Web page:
Theories, Policies, and the Improvement of Educational Practice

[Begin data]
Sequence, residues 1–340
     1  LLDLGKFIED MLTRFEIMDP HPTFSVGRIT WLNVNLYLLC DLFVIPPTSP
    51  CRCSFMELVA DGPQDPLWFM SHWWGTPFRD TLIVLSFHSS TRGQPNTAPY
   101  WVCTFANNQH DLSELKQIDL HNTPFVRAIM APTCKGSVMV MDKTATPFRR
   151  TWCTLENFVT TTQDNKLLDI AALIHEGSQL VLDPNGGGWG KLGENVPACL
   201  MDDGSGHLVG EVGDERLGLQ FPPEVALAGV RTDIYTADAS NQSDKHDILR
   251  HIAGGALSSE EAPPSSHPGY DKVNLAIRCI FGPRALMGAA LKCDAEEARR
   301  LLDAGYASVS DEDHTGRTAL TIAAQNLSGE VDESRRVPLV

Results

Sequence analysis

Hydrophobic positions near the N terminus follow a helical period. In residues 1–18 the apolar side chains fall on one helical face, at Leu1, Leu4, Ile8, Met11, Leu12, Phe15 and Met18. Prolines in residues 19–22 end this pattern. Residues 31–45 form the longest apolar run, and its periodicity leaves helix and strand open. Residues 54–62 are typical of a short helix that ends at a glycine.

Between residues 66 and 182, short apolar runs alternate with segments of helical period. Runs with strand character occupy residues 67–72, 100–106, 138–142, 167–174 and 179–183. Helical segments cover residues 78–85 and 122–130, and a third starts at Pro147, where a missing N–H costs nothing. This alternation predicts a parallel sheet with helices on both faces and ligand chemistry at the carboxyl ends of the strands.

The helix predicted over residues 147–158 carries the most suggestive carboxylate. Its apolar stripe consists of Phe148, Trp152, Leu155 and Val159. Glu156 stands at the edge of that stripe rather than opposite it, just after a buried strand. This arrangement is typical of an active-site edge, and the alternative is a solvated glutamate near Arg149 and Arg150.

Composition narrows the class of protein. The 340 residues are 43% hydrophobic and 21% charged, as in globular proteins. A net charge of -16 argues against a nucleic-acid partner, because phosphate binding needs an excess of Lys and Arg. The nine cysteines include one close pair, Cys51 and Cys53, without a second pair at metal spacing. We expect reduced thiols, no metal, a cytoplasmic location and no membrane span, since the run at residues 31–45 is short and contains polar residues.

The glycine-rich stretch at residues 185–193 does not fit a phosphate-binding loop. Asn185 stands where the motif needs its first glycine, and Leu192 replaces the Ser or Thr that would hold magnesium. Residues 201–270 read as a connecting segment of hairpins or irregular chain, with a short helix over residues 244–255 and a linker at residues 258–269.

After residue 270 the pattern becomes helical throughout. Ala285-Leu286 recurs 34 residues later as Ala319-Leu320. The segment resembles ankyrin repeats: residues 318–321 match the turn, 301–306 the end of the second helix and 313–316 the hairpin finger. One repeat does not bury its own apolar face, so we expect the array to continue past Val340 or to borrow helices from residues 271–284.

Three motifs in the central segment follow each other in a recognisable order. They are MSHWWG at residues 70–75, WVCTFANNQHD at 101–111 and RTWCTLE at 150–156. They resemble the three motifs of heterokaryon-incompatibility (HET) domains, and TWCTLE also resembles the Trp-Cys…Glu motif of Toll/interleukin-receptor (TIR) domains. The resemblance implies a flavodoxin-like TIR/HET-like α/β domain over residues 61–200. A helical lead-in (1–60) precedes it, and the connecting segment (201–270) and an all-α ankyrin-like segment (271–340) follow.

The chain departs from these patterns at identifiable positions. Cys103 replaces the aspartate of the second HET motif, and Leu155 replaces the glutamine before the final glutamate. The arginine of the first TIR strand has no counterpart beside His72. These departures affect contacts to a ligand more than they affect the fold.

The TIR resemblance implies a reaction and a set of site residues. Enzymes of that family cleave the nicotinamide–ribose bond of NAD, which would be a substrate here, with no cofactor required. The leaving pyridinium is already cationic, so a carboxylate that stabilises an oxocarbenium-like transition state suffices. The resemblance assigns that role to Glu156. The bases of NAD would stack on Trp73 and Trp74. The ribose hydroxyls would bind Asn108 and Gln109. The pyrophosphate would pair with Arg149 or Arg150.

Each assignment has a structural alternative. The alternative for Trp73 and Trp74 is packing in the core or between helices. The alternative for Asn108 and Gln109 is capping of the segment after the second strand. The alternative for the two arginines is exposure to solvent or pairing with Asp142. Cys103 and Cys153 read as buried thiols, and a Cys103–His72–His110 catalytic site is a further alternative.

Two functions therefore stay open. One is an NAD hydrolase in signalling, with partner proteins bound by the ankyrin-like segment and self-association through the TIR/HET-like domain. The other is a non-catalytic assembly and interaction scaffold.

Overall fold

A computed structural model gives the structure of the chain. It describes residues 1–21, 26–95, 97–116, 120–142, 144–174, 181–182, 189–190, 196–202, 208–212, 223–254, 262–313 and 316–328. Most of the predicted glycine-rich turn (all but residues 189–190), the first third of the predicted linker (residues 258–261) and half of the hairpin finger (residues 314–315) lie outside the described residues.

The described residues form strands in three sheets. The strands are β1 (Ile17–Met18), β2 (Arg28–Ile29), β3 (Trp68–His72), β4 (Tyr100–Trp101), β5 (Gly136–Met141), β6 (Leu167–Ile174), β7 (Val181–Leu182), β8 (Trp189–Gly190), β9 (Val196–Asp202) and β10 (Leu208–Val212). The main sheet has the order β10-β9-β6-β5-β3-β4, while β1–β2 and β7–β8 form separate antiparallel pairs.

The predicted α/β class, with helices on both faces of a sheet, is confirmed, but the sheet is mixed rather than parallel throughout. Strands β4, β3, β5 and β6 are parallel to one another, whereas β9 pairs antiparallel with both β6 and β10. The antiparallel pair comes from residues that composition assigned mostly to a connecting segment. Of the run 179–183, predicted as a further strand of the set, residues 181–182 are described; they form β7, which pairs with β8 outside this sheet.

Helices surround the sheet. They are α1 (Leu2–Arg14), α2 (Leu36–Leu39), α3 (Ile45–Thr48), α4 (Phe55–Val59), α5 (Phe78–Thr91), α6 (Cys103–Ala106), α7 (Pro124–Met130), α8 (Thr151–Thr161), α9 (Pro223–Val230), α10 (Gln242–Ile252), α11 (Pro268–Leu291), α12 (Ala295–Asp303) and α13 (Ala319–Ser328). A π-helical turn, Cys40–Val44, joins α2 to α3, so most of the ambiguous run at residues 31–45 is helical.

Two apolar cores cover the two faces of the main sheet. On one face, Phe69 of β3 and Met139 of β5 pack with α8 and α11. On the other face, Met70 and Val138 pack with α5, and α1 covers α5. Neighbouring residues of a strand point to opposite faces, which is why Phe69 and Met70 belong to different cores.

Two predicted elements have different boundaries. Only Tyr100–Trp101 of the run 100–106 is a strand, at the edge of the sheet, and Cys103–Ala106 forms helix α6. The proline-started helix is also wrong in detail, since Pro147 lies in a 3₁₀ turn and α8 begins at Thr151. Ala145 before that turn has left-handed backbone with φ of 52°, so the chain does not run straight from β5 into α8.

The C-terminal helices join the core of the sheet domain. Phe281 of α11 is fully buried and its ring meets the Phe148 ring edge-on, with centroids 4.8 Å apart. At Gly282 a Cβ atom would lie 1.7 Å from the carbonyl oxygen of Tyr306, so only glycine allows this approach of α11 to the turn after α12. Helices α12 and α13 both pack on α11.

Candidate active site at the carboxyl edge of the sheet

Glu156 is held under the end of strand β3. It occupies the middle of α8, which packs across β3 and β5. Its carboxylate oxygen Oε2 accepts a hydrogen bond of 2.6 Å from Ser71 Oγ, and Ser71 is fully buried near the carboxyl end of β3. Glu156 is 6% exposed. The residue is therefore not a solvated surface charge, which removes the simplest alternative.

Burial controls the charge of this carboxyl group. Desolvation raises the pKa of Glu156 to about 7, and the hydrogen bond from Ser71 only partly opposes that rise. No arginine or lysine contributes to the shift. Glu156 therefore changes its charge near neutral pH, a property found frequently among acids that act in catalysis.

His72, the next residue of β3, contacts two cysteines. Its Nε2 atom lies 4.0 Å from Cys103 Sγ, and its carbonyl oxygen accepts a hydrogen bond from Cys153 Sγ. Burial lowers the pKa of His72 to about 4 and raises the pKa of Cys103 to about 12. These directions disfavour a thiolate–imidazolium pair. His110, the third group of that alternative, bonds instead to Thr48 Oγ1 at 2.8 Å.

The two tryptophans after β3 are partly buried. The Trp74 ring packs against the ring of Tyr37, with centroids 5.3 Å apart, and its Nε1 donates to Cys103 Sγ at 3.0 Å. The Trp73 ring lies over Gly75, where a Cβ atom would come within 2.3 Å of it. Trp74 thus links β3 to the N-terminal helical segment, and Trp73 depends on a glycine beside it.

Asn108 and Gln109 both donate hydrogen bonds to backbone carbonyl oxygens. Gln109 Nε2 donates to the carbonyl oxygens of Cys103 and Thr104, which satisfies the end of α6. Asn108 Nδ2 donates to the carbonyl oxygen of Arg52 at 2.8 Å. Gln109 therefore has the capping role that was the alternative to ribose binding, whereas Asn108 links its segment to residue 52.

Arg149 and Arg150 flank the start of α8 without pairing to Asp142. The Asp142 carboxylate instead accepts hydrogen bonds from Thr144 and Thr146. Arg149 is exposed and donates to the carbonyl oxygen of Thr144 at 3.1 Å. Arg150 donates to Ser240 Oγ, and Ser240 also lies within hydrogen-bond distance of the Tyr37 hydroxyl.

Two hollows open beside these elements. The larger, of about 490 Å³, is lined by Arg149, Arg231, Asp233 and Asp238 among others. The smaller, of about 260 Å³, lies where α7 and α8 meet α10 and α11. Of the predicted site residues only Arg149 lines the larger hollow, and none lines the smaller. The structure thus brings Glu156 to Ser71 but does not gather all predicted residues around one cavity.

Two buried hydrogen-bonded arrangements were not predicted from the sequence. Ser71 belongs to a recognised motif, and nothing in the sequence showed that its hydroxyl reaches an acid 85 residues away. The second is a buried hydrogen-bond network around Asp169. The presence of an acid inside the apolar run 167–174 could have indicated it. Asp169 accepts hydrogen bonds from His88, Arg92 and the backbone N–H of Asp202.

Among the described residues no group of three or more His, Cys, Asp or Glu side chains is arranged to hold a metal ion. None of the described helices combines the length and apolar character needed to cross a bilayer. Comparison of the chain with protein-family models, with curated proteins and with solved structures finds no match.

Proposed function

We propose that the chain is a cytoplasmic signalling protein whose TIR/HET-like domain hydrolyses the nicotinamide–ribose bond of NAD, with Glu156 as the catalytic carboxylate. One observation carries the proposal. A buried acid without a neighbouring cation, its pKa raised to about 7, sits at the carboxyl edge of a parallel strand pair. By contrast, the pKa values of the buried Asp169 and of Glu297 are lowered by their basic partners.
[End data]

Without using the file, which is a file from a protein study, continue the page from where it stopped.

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<ul><li><p>This article was downloaded by: [The University of Manchester Library]On: 10 October 2014, At: 12:14Publisher: RoutledgeInforma Ltd Registered in England and Wales Registered Number: 1072954 Registered office: Mortimer House,37-41 Mortimer Street, London W1T 3JH, UK</p><p>The Review of EducationPublication details, including instructions for authors and subscription information:</p><p>Theories, Policies, and the Improvement of EducationalPracticeGraham W. F. Orpwood aa The Ontario Institute for Studies in EducationPublished online: 09 Jul 2006.</p><p>To cite this article: Graham W. F. Orpwood (1979) Theories, Policies, and the Improvement of Educational Practice, TheReview of Education, 5:3, 203-214, DOI: 10.1080/0098559790050306</p><p>To link to this article:</p><p>PLEASE SCROLL DOWN FOR ARTICLE</p><p>Taylor &amp; Francis makes every effort to ensure the accuracy of all the information (the Content) contained in thepublications on our platform. However, Taylor &amp; Francis, our agents, and our licensors make no representationsor warranties whatsoever as to the accuracy, completeness, or suitability for any purpose of the Content. Anyopinions and views expressed in this publication are the opinions and views of the authors, and are not theviews of or endorsed by Taylor &amp; Francis. The accuracy of the Content should not be relied upon and should beindependently verified with primary sources of information. Taylor and Francis shall not be liable for any losses,actions, claims, proceedings, demands, costs, expenses, damages, and other liabilities whatsoever or howsoevercaused arising directly or indirectly in connection with, in relation to or arising out of the use of the Content.</p><p>This article may be used for research, teaching, and private study purposes. Any substantial or systematicreproduction, redistribution, reselling, loan, sub-licensing, systematic supply, or distribution in anyform to anyone is expressly forbidden. Terms &amp; Conditions of access and use can be found at</p><p></p></li><li><p>Theories, Policies,and the Improvement ofEducational Practice</p><p>Joseph D. Novak. A Theory of Education. Ithaca, New York: CornellUniversity Press, 1977. 295 pp. $15.00, cloth.</p><p>Graham W. F. OrpwoodThe Ontario Institute for Studies in Education</p><p>"Substantial improvement in educational practices," writes Pro-fessor Novak in the opening chapter of A Theory of Education, "[is]not likely to occur without a workable theory of education andwithout the new educational practices that can be derived fromsuch a theory" (p. 17). Clearly, his belief in the corollary is theinspiration for this scholarly if unusual attempt to synthesize acomprehensive educational theory.</p><p>It is scholarly in that it weaves threads from a variety of traditionsof studyphilosophy, psychology, sociology, curriculum and instruc-tion, and school administrationinto a rich fabric in whicheducational theory and practice are systematically and thoughtfullyreconceptualized. It is refreshingly unusual, since comprehensiveworks such as this seem to be attempted only rarely these days; toooften, educational writing is so intensively specialized in narrowareas of research, that its connection with the problems ofeducational practice seems somewhat tenuous. Novak's book, bycontrast, is concerned with a broad range of educational issues, andhis attempt at a theory which can attend to all of them is, to use hisown word, "audacious."D</p><p>ownl</p><p>oade</p><p>d by</p><p> [T</p><p>he U</p><p>nive</p><p>rsity</p><p> of </p><p>Man</p><p>ches</p><p>ter </p><p>Lib</p><p>rary</p><p>] at</p><p> 12:</p><p>14 1</p><p>0 O</p><p>ctob</p><p>er 2</p><p>014 </p></li><li><p>204 THE REVIEW OF EDUCATION / Summer 1979</p><p>The book addresses two potential audiences. First, it is designedto speak directly to educational practitioners, and especially tothose responsible for planning curriculum and instruction inschools. Second, it is addressed to the author's colleagues in theacademic world of education, specifically "to encourage a morescientific study of educational problems" (p. 20). As a curriculumresearcher, based in an academic environment but presentlyworking with school-based practitioners, I find myself respondingto the book from both perspectives. First, however, it is importantthat the reader be aware of the scope and substance of Novak'stheory.</p><p>I.</p><p>The book is very carefully and clearly structured, and this aids thereader enormously in finding his way through an otherwisebewildering territory. For example, the entire book is summarizedin an opening chapter, and each of the sections which followexpands on the concepts introduced in this "overview." Forpresent purposes, the book can be seen as having four suchsections: a philosophical section in which the goals of educationare discussed; a psychological section examining alternative learn-ing theories; a section devoted to issues involved in planningcurriculum and instruction; and, finally, an autobiographicalsection entitled "Empirical Validation," in which the results ofsome twenty years' research in education are called upon toprovide support to the theory. The author's central argument linkseach of these sections into a complete theoretical structure whichis sufficiently complex that only the most outstanding features canbe described here.</p><p>Although the theory is builtas Novak insists it must bearounda theory of learning, its logical foundation is a claim for the goalsand purposes of education. "Every culture," he writes, "has aframework of concepts and practices. The task of education is totransmit to the children in that culture the concepts and practicesthey will need as adults" (p. 17). The argument for this claim, whichis incorporated in an extended analysis of the views of selectedphilosophers of science, can be summarized as follows:</p><p>(1) United States federal funding of curriculum development over theDow</p><p>nloa</p><p>ded </p><p>by [</p><p>The</p><p> Uni</p><p>vers</p><p>ity o</p><p>f M</p><p>anch</p><p>este</p><p>r L</p><p>ibra</p><p>ry] </p><p>at 1</p><p>2:14</p><p> 10 </p><p>Oct</p><p>ober</p><p> 201</p><p>4 </p></li><li><p>ORPWOOD / Theories, Policies, Educational Practice 205</p><p>past twenty years has favored projects emphasizing the methods ofinquiry used by the disciplines.(2) This emphasis reflects the views of such philosophers of science asKarl Popper concerning the distinguishing characteristics of thedisciplines.(3) There is an alternative view of the disciplines set out by Kuhn andToulminthat the disciplines are characterized by their evolvingconceptual frameworks.(4) Popper's view is "outmoded" (p. 54); Kuhn's and Toulmin's are to bepreferred.(5) Federal funding was thus unfortunately misplaced; the goals ofeducation should be to transmit to students the evolving conceptualframeworks present in the culture.</p><p>This line of argument raises some important questions which willbe attended to later. For the present, however, let us see how such afoundation enables the construction of the theory proper.</p><p>Having established what he regards as appropriate goals for theeducational enterprise, Novak next moves to a consideration of thecentral part of his educational theorya theory of human learning.He has already stated (in the Preface) his firm belief that learningtheory must occupy the most important place in any theory ofeducation.</p><p>An exposition of Ausubel's "assimilation" theory of learningthen follows together with an argument for its place at the center ofa theory of education. His designation of concept learning as theappropriate goal of education makes Ausubel's theory an easychoice, as it places the meaningful learning of concepts in a centralrole. This is, as Novak points out, in marked contrast to theemphasis of behaviorist theories on observable behaviors and onthe contingency of stimulus and response. Once the developmentof conceptual structures is selected as the goal, it is straightforwardto recognize the relevance of Ausubel's theory compared with thatof, say, Gagne. In addition, Novak points out that "many educa-tional issues can be resolved into factors that deal primarily with thequality and extent of progressive differentiation and integrativereconciliation of concepts" (p. 94), two "key ideas" of Ausubel'stheory. Behaviorist theories are dealt with somewhat more sum-marily. Skinner's, for example, whatever its inherent strengths andweaknesses, is held to be "almost useless as a source of guidance indesigning and planning curricula, instruction and research inschools" (p. 70). He goes on to argue that Ausubel's theory issimilarly preferable to those of Piaget or Gagne. Thus, Novak's</p><p>Dow</p><p>nloa</p><p>ded </p><p>by [</p><p>The</p><p> Uni</p><p>vers</p><p>ity o</p><p>f M</p><p>anch</p><p>este</p><p>r L</p><p>ibra</p><p>ry] </p><p>at 1</p><p>2:14</p><p> 10 </p><p>Oct</p><p>ober</p><p> 201</p><p>4 </p></li><li><p>206 THE REVIEW OF EDUCATION / Summer 1979</p><p>theory of education has both a set of goals and a set of psycho-logical principles to guide toward their attainment. The thirdsection attends to the practical application of these principles forplanning curricula and instruction in schools.</p><p>For problems of planning curriculum and instruction, Novakadopts (with little criticism or argument) Johnson's systems modelof these processes. With Johnson, he claims that failure to dis-tinguish clearly issues to do with the curriculum (i. e., content) fromthose of instruction (i. e., teaching approach) amounts to care-lessness, and that the need for such a distinction is supported by hispersonal experiences. He then goes on to demonstrate thatJohnson's model of curriculum and instruction is entirely con-sistent with Ausubel's theory of learning. "No curriculum theoristin the past," he notes, "has shown the relevance of learning theoryin the design of curriculum" (p. 134). His explanation for this issimple: "learning theories that preceded Ausubel's were notparticularly relevant to curriculum" (p. 134).</p><p>Thus, Novak's theoretical framework is complete, having goals,principles, and a model for action. The remaining parts of thissection are devoted to the derivation of a large number of detailedcomments and prescriptions concerning a broad range of problemsof educational practice. He is concerned with curriculum planning(e. g., the use of "conceptual schemes" as the basis for a sciencecurriculum), with instructional strategies (e. g., modular coursesand computer-assisted instruction are discussed), and with evalua-tion. Finally, the application of the theory is extended to problemsof school organization and administration.</p><p>The fourth and final section of this remarkable book describestwenty years of research in the field of education. It containssummaries of studies conducted by Novak, his students, and hisassocfates, beginning with his own doctoral thesis in 1954 andcontinuing to the present. It is inappropriate here to describe thissection in detail. Its intended function is perhaps best summed upin the author's introductory words: "This chapter will illustrate thatappropriate empirical studies can lead to better educationalpractices; it is the empirical leg of the educational theory presentedin this book" (p. 208). Thus, the "theory of education" is de-veloped, applied, and validated. As noted earlier, the bookrepresents an ambitious undertaking; it is evident also that, as theproduct of a lengthy career in educational research, it cannot belightly dismissed. It is therefore with considerable caution that Iattempt to respond to it.</p><p>Dow</p><p>nloa</p><p>ded </p><p>by [</p><p>The</p><p> Uni</p><p>vers</p><p>ity o</p><p>f M</p><p>anch</p><p>este</p><p>r L</p><p>ibra</p><p>ry] </p><p>at 1</p><p>2:14</p><p> 10 </p><p>Oct</p><p>ober</p><p> 201</p><p>4 </p></li><li><p>ORPWOOD / Theories, Policies, Educational Practice 207</p><p>II.</p><p>In the first part of this review, I have tried to show how Novak'stheory of education develops consistently from its fundamentalclaim for the goals of education. The argument for this claim was setout earlier in five parts, and it is with the last two of these that 1 nowtake issue. They are reproduced here for the convenience of thereader.</p><p>4. Popper's view (concerningthe nature of the disciplines) is outmoded;Kuhn's and Toulmin's are to be preferred.5. Federal funding (of curriculum development projects) was thusunfortunately misplaced; the goals of education should be to transmitto students the evolving conceptual frameworks present in the culture.</p><p>I argue, first, that differences between the views of Popper andthose of Kuhn and Toulmin are greatly exaggerated; second, thatwhatever the outcome of that debate, no direct conclusion may bedrawn concerning the goals of education; third, that Novak'sselection of goals effectively preempts significant discussion of therelationship between psychology (and other areas of "theory") andeducational practice; and fourth, that Novak seriously under-estimates the responsibility of practitioners to select goals andimplementation procedures, for which they are politically ac-countable. Finally, in the light of these comments, I attempt toreassess the potential contribution of Novak's work to educationalthought and practice.</p><p>Issues within the Philosophy of ScienceNovak's cas.e for the goals of education rests, in part, on what heperceives to be a clear dichotomy between two views concerningthe nature of science. One of these (represented, according toNovak, by Karl Popper) characterizes science in terms of its logicand methodology, whereas the other (represented by Kuhn,Elkana, and Toulmin) places its focus on the evolving conceptualframeworks of the discipline.</p><p>It seems to me that posing such a dichotomy is unfair both to thephilosophers cited and to the nature of science itself. First, it is byno means clear that Kuhn and Popper are in fact in such a basicdisagreement. Elkana, in a passage quoted by Novak, suggests thatwhile Popper is concerned with the detailed "tactics" of scientificmethod, Kuhn is taking a longer view of the "strategy of science"(Novak, p. 46). Earlier in the same paper, Elkana points out that both</p><p>Dow</p><p>nloa</p><p>ded </p><p>by [</p><p>The</p><p> Uni</p><p>vers</p><p>ity o</p><p>f M</p><p>anch</p><p>este</p><p>r L</p><p>ibra</p><p>ry] </p><p>at 1</p><p>2:14</p><p> 10 </p><p>Oct</p><p>ober</p><p> 201</p><p>4 </p></li><li><p>208 THE REVIEW OF EDUCATION / Summer 1979</p><p>Popper and Kuhn share an "anti-positivistic philosophy" and that anumber of different philosophers "have each developed a dif-ferent aspect of the new tradition in philosophy of science" (Elkana1970, p. 28). Kuhn himself seems puzzled by attitudes such asNovak's concerning the relationship between his views and thoseof Popper. He (Kuhn) writes: "On almost all the occasions when weturn explicitly to the same problems, Sir Karl's view of science andmy own are very nearly identical" (1970, p. 1). That there are alsoreal and significant differences no careful reader can deny. But tosuggest, as Novak appears to (p. 23), that one of these views is"r ight" and the other "wrong" is at best simplistic and at worst adistortion of the reality.</p><p>An alternative and, in my view, more fruitful framework forexamining both the views of Kuhn and Popper and also the natureof the disciplines in general is provided by the British philosopherof educ...</p></li></ul>